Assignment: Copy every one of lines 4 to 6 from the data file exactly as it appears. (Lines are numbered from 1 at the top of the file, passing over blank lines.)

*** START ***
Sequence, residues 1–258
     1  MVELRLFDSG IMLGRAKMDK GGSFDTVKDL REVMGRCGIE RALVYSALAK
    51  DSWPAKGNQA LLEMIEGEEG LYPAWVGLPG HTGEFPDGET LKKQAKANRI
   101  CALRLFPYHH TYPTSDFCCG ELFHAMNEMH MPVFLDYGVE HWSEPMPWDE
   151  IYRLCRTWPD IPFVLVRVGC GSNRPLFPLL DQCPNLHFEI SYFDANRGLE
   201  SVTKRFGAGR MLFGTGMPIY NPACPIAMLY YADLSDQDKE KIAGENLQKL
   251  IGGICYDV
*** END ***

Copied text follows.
   101  CALRLFPYHH TYPTSDFCCG ELFHAMNEMH MPVFLDYGVE HWSEPMPWDE
   151  IYRLCRTWPD IPFVLVRVGC GSNRPLFPLL DQCPNLHFEI SYFDANRGLE
   201  SVTKRFGAGR MLFGTGMPIY NPACPIAMLY YADLSDQDKE KIAGENLQKL